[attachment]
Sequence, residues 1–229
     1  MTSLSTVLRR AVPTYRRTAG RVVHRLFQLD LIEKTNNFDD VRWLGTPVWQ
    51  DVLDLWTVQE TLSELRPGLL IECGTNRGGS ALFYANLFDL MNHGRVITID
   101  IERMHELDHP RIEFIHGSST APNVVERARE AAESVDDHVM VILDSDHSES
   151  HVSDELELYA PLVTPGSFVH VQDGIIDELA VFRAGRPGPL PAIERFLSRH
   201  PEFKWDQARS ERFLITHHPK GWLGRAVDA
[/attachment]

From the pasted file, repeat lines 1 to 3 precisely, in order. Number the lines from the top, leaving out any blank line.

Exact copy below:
Sequence, residues 1–229
     1  MTSLSTVLRR AVPTYRRTAG RVVHRLFQLD LIEKTNNFDD VRWLGTPVWQ
    51  DVLDLWTVQE TLSELRPGLL IECGTNRGGS ALFYANLFDL MNHGRVITID